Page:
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Wetlands have many important hydrological functions. They effect both ground and surface water supplies. They recharge aquifers; serve as surface water sources for wildlife, human consumption, recreation, agricultural irrigation, and industrial processes; and act as cleaning filters for the water that passes through them. Of all the hydrological functions wetlands perform, however, the effects they have on the hydrology of the surface waters in their specific watershed are perhaps the most pronounced.


Wetlands help reduce the effects of both flood and drought conditions in a watershed. They function like sponges, storing and releasing water relative to the amount of water around them. Some wetlands which have a relatively stable hydrology may routinely retain a specific amount of water. During dry periods they may lose some of this water to surrounding parched areas and through evaporation and transpiration. During wet periods they may also have the capacity to store more water than they usually contain (Demissie and Kahn 1993).

Wetlands associated with Riverine systems serve as floodways, transporting flood pulses from upstream to downstream locations while lessening flood peaks. As flow rates increase in a given stream and the water level rises, wetlands adjacent to a stream "soak up" some of the overflow. This occurs through the filling of backwater lakes or other low lying depressions in the floodplain and by the saturation of soil in otherwise dry regions in the floodplain. This absorption and storage of excess water lowers the overall amount of flow that would otherwise be carried by a stream (Illinois Department of Natural Resources 1994).

When the flow of a stream begins to drop below its normal level, adjacent wetlands drain back into the main stream and augment its flow. These floodplain wetlands work cooperatively with wetlands outside of the floodplain which store flood waters at higher elevations and slowly deliver it downstream. Consequently the water that enters the stream through this process is much cleaner than when it entered the wetland due to the settling out of sediments and the biological uptake of certain constituents by the hydrophytic plants and micro-organisms contained in the wetlands (Illinois Department of Natural Resources 1994 and Mitsch and Gosselink 1986).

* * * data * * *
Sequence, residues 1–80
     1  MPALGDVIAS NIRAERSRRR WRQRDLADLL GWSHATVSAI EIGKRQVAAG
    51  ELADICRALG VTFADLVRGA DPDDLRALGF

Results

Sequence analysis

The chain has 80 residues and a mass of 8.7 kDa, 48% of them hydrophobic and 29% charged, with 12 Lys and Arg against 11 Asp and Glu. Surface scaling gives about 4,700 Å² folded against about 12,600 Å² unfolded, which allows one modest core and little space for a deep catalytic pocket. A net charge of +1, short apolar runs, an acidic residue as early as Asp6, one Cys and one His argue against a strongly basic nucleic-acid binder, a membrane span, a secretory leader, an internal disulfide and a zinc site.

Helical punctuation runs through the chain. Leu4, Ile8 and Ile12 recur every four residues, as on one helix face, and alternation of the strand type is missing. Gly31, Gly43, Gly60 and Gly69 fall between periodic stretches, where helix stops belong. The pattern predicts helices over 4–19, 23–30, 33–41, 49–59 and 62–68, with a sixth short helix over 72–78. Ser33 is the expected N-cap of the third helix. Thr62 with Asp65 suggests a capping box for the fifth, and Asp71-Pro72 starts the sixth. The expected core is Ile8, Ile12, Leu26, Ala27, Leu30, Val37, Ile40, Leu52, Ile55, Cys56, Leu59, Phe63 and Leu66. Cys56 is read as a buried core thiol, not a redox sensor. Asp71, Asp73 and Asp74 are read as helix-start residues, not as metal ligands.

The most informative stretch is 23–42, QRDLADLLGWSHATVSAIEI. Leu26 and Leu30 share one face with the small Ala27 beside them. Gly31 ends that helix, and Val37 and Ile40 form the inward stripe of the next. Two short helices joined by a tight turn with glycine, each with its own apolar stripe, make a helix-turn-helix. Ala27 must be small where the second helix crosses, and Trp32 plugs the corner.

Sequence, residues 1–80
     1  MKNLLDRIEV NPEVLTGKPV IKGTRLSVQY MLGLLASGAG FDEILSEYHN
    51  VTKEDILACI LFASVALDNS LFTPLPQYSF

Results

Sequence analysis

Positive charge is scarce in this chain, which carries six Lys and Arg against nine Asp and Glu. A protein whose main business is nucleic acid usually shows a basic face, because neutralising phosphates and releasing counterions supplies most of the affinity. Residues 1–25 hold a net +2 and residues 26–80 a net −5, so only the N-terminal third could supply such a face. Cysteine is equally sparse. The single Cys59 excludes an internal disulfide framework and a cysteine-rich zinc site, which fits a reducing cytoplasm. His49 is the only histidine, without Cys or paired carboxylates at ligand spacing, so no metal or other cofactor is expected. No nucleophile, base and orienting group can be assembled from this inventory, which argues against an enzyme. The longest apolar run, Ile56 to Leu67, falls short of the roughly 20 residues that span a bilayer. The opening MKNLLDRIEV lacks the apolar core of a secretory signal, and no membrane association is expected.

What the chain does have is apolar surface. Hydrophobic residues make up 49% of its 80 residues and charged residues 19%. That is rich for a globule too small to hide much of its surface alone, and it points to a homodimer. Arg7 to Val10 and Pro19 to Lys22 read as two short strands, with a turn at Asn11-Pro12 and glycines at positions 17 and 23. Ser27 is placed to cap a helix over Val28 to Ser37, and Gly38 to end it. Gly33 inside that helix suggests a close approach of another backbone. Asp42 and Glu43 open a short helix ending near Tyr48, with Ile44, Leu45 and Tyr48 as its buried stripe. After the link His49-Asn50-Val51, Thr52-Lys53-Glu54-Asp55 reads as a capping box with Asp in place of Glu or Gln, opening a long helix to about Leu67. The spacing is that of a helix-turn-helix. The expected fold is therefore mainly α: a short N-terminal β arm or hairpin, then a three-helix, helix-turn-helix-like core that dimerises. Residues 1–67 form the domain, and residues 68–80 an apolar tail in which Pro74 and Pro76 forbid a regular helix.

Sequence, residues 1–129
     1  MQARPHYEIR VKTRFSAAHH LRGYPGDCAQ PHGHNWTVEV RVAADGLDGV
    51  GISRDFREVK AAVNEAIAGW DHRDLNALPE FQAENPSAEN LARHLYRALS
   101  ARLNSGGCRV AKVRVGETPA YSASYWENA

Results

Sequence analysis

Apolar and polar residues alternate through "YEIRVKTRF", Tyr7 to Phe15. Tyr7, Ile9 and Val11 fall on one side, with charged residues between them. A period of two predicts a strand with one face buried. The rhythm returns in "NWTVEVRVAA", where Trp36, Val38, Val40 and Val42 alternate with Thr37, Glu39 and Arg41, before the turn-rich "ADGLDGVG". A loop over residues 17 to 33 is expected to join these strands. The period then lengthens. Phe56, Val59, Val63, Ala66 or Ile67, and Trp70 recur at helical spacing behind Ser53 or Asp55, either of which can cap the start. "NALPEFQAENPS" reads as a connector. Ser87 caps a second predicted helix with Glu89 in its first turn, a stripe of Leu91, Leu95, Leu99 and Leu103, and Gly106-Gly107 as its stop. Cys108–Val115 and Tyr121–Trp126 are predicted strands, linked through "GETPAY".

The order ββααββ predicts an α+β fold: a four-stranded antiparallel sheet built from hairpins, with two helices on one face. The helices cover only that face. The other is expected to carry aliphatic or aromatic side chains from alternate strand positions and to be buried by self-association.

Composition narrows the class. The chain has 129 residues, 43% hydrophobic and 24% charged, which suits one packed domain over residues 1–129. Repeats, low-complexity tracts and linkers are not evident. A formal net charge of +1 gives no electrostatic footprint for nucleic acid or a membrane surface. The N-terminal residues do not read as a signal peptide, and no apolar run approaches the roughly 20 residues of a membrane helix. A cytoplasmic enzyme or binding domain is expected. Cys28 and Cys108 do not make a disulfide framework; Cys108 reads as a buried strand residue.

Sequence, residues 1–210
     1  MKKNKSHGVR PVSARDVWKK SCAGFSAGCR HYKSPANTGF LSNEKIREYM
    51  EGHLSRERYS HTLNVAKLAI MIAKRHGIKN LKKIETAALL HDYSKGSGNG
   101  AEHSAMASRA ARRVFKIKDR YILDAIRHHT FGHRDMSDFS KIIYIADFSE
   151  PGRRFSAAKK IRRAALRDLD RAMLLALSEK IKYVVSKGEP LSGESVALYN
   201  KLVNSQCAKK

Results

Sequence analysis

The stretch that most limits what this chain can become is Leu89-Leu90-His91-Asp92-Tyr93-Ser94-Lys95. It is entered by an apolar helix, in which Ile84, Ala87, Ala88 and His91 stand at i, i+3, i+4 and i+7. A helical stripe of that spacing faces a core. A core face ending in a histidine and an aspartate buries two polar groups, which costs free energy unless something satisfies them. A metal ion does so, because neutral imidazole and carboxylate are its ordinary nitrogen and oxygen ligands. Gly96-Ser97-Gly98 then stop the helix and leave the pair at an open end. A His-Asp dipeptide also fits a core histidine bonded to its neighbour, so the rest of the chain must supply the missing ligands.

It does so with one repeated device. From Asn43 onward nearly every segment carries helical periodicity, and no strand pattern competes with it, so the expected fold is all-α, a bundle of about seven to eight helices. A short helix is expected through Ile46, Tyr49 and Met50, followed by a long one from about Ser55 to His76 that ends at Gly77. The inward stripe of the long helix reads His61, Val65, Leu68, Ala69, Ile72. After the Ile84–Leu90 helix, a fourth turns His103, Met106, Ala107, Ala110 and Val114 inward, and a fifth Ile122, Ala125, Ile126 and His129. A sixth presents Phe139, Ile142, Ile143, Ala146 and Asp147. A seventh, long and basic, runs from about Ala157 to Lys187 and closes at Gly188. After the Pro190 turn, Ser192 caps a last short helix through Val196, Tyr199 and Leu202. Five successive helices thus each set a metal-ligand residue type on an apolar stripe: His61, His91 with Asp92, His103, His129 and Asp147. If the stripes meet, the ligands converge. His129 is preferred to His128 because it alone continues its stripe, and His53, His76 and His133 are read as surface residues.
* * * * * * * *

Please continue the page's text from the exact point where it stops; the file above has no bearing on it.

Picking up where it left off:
One of the most thorough studies on the effects wetlands have on streamflows was released by the Illinois State Water Survey in 1993. This study was conducted in 30 watersheds throughout Illinois over 10 years and included sample sites on streams of various sizes. The report revealed how wetlands affect the peakflows, lowflows, and floodflows of streams. For this study, peakflow was defined as the maximum flow of a stream for average precipitation; lowflow was defined as the average minimum flow of a stream; and floodflow was defined as the flow of a stream at peak precipitation (Demissie and Kahn 1993).

The study concluded on average for every one percent of a watershed that existed as wetlands in the northern region of the state, the peakflow of streams in that watershed was decreased by 7.9 percent; the floodflow was decreased by 2.3 percent; and the lowflow was increased by 15.0 percent. In the central region of the state, the peakflow was decreased by 5.9 percent; the floodflow was decreased by 4.5 percent; and the lowflow was increased by 5.5 percent. In the southern region of the state, the peakflow was decreased by 0.8 percent; there was no significant change in the floodflow; and the lowflow was increased by 15.9 percent. The study also concluded for every one percentage of a watershed that existed as wetlands, there was a statewide average 3.7 percent decrease in peakflow; 1.4 percent decrease in floodflow; and 7.9 percent increase in lowflow. These results are outlined in Table 2-1 below (Demissie and Kahn 1993).

Table 2-1

Percent change in flow rates of streams for
every one percent of watershed present as wetland.

Statewide 3.7% decrease 1.4% decrease 7.9% increase
Northern 7.9% decrease 2.3% decrease 15.0% increase
Central 5.9% decrease 4.5% decrease 5.5% increase
Southern 0.8% decrease No Change 15.9% increase
(Demissie and Kahn 1993).

[ Introduction | Biological Functions | Threatened & Endangered Species | Hydrological Functions |  Water Quality | Ground Water Recharge | Terrestrial Functions | Aesthetics & Recreation   |  Economics | Conclusion ]

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 Literature Cited

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